Illegal (1955)

87-88 or 90 mins | Melodrama | 15 October 1955

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HISTORY

Actor DeForest Kelley's surname is misspelled as "Kelly" in the opening credits. Scenes of the murder of "Edward Clary’s" girl friend, and his subsequent arrest are shown without dialogue, in a montage interspersed with opening credits. The death of "Victor Scott" in the last scene, as mentioned in reviews, is not shown explicitly, but is implied. Exteriors of downtown Los Angeles are shown throughout the film.
       According to information contained in the file on the film in the Warner Bros. Archive at the University of Southern California Cinema-Television Library, paintings seen in the office of "Frank Garland" were original oil paintings owned by Edward G. Robinson, a well-known art collector. According to Warner Bros. memos, Robinson loaned the studio six paintings, cumulatively valued at over $213,000, for the production. Two of the paintings, Dancers in Repose by Edgar Degas and Tahitian Flowers by Paul Gaugin are shown prominently in scenes set in Garland's office. At one point, Robinson's character, "Victor Scott," comments that he could never afford originals. Two other paintings, which are later shown in Scott's office, included Courtroom in the Country by George Roualt and Beautiful Model by André Derain. Warner Bros. memos also stated that two original paintings by actress Gladys Lloyd, who was then married to Robinson, were also used in the film, but their exact placement within the story has not been determined.
       Although their appearance in the film has not been determined, HR production charts add Phil Arnold, Jack Lomas and Jean Anderson to the cast. Warner Bros. memos indicate that actor James Daly was originally considered for ... More Less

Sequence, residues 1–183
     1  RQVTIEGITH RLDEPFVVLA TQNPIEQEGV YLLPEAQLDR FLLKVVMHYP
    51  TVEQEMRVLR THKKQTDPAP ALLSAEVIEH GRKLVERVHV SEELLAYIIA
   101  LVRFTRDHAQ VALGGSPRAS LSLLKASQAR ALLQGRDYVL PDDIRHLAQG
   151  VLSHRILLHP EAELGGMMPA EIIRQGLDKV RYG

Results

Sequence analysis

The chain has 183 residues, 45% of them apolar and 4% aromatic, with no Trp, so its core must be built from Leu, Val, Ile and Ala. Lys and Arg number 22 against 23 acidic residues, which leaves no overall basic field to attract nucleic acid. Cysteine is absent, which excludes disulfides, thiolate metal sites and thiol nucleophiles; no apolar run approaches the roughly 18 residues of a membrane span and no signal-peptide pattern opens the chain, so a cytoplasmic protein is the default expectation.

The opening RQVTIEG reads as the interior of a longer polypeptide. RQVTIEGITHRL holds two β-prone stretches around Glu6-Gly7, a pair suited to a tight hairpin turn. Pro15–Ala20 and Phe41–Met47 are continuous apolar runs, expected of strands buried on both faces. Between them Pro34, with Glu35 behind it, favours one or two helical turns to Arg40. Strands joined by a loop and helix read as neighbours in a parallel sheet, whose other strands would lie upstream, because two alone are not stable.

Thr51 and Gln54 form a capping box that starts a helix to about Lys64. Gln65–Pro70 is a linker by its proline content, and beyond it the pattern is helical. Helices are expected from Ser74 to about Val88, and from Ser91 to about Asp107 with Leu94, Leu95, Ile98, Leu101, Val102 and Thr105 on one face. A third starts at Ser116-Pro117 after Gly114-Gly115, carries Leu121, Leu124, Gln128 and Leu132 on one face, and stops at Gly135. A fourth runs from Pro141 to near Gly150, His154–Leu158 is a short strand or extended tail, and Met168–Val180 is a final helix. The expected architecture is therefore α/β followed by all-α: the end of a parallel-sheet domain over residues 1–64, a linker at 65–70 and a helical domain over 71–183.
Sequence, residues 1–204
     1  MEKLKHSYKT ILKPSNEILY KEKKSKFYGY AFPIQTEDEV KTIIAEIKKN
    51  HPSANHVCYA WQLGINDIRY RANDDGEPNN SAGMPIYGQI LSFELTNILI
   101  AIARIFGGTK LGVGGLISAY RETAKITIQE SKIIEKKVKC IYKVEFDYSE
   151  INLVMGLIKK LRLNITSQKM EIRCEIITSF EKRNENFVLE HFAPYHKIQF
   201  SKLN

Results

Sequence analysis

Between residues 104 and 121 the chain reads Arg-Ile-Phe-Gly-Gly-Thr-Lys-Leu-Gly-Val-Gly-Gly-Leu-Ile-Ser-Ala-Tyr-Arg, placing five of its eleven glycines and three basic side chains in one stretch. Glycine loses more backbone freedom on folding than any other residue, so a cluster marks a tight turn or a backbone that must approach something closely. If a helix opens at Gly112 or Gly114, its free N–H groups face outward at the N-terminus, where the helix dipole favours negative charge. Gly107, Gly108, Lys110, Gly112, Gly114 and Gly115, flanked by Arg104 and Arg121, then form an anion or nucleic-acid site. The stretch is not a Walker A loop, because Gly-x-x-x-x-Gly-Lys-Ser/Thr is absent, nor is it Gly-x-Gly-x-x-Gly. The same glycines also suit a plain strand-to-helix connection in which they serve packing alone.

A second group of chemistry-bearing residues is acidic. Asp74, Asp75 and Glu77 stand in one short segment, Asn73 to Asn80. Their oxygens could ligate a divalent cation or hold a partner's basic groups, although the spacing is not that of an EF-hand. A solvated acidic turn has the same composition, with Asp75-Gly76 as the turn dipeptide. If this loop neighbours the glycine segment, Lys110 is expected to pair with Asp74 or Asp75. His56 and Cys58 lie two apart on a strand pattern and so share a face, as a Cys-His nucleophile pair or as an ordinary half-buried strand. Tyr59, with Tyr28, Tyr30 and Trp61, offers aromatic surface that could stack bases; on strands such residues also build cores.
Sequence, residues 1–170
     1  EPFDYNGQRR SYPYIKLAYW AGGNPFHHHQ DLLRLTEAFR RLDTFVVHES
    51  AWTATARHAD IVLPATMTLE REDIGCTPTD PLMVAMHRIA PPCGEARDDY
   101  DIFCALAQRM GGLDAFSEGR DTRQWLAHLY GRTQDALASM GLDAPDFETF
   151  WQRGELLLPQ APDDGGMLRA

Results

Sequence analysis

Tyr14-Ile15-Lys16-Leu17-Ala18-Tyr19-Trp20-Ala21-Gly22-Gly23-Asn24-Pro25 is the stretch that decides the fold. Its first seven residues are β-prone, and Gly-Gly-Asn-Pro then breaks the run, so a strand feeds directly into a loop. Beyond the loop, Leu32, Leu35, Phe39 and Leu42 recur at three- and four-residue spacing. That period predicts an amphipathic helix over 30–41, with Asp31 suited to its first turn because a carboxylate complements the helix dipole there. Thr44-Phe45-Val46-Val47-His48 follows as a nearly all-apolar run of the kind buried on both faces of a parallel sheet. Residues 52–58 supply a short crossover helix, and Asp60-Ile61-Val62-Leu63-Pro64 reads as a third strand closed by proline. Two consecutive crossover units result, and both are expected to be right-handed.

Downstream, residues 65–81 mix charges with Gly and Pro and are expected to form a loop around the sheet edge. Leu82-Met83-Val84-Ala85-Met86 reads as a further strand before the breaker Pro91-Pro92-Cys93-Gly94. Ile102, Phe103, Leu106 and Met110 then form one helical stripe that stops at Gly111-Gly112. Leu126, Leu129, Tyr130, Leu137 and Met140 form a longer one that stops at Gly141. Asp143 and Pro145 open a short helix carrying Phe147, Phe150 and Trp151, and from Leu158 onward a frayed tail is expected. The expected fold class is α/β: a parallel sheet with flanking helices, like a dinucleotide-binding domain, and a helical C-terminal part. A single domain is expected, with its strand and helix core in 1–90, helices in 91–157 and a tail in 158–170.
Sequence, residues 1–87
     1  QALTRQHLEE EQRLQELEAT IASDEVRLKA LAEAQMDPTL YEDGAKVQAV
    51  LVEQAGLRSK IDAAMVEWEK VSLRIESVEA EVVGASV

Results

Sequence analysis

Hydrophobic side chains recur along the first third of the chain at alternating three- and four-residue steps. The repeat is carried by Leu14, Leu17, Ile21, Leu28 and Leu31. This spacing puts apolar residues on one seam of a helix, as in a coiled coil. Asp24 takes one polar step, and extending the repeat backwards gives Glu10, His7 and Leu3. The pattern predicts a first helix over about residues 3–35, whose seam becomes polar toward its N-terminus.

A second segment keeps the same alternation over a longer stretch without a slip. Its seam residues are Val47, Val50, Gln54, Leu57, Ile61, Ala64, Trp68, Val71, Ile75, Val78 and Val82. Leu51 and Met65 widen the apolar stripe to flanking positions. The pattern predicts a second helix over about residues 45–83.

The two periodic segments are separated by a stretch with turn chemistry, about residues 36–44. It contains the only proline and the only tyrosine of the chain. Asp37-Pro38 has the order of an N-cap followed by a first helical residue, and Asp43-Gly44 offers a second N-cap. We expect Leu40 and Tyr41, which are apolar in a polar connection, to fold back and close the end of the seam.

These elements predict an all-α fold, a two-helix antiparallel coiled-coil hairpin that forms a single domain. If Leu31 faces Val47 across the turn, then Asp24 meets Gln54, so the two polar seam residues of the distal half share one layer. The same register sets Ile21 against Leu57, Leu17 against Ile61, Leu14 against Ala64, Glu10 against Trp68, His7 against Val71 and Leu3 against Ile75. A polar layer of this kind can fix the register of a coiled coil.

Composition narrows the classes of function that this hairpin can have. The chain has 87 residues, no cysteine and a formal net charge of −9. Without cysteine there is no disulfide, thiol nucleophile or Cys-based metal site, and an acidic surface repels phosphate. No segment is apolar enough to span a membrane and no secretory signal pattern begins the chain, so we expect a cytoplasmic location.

Actor DeForest Kelley's surname is misspelled as "Kelly" in the opening credits. Scenes of the murder of "Edward Clary’s" girl friend, and his subsequent arrest are shown without dialogue, in a montage interspersed with opening credits. The death of "Victor Scott" in the last scene, as mentioned in reviews, is not shown explicitly, but is implied. Exteriors of downtown Los Angeles are shown throughout the film.
       According to information contained in the file on the film in the Warner Bros. Archive at the University of Southern California Cinema-Television Library, paintings seen in the office of "Frank Garland" were original oil paintings owned by Edward G. Robinson, a well-known art collector. According to Warner Bros. memos, Robinson loaned the studio six paintings, cumulatively valued at over $213,000, for the production. Two of the paintings, Dancers in Repose by Edgar Degas and Tahitian Flowers by Paul Gaugin are shown prominently in scenes set in Garland's office. At one point, Robinson's character, "Victor Scott," comments that he could never afford originals. Two other paintings, which are later shown in Scott's office, included Courtroom in the Country by George Roualt and Beautiful Model by André Derain. Warner Bros. memos also stated that two original paintings by actress Gladys Lloyd, who was then married to Robinson, were also used in the film, but their exact placement within the story has not been determined.